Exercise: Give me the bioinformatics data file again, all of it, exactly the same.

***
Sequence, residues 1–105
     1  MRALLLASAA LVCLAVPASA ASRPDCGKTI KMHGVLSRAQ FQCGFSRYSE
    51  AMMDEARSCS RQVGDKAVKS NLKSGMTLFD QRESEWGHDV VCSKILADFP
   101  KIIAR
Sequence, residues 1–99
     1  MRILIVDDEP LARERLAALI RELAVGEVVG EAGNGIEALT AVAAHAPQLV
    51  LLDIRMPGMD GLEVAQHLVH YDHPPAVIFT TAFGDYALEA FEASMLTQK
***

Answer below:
Sequence, residues 1–105
     1  MRALLLASAA LVCLAVPASA ASRPDCGKTI KMHGVLSRAQ FQCGFSRYSE
    51  AMMDEARSCS RQVGDKAVKS NLKSGMTLFD QRESEWGHDV VCSKILADFP
   101  KIIAR
Sequence, residues 1–99
     1  MRILIVDDEP LARERLAALI RELAVGEVVG EAGNGIEALT AVAAHAPQLV
    51  LLDIRMPGMD GLEVAQHLVH YDHPPAVIFT TAFGDYALEA FEASMLTQK